For the week ending October 31, 2018, mortgage rates had declined due to stock market volatility, and then recovered in response to the release of robust economic data by the U.S. Department of the Treasury.
The October 2018 jobs report has market watchers and experts trying to assess how it will impact the Federal Reserve's rate movements over the course of 2019, writes Zillow director of economic research Aaron Terrazas, "core output and employment indicators remain solid, and inflation is picking up modestly and healthily," and strong wage data could drive overall confidence in the U.S. economy, and in turn future interest rate hikes, "despite the turmoil on Wall Street and some potentially disconcerting signals such as soft housing data."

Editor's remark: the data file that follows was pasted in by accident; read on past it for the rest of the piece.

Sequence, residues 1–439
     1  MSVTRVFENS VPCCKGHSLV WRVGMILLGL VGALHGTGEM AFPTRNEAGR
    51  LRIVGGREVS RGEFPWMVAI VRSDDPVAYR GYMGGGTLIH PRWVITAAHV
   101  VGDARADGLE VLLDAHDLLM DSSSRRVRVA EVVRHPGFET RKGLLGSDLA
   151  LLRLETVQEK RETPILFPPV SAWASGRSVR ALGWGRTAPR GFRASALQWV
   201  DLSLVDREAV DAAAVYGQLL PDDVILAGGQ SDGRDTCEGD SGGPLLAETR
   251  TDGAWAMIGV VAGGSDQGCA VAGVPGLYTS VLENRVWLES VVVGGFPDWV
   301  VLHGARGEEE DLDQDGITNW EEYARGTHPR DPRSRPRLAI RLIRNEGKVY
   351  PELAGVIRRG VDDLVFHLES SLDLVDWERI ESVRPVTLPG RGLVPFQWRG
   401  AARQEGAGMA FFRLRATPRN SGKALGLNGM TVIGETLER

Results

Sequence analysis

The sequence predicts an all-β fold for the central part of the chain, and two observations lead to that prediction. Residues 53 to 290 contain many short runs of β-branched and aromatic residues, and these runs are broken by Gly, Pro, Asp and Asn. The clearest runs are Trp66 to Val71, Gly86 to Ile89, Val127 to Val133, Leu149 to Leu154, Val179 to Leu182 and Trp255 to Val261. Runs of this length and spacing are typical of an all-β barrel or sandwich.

A frantic week in the stock market, which saw a series of sharp rises and slumps, resulted in an initial decline in rates. However, much like last week, the decrease was less than we would have expected, given the circumstances, as a series of strong economic releases – including GDP, employment costs, and private employment numbers– all came in above expectations, signaling the continued robustness of the U.S. economy. Another buoy for rates was Wednesday morning’s publication of the Treasury Department’s plans to increase the size of its bond auctions in an effort to help fund growing fiscal deficits.